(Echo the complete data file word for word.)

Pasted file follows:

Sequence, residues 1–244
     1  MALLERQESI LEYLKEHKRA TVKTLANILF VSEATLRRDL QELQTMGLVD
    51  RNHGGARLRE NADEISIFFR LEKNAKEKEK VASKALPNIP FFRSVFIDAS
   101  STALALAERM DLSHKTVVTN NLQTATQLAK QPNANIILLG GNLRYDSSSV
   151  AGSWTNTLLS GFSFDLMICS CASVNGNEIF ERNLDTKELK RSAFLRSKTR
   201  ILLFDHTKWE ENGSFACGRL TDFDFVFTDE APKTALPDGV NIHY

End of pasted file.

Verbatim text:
Sequence, residues 1–244
     1  MALLERQESI LEYLKEHKRA TVKTLANILF VSEATLRRDL QELQTMGLVD
    51  RNHGGARLRE NADEISIFFR LEKNAKEKEK VASKALPNIP FFRSVFIDAS
   101  STALALAERM DLSHKTVVTN NLQTATQLAK QPNANIILLG GNLRYDSSSV
   151  AGSWTNTLLS GFSFDLMICS CASVNGNEIF ERNLDTKELK RSAFLRSKTR
   201  ILLFDHTKWE ENGSFACGRL TDFDFVFTDE APKTALPDGV NIHY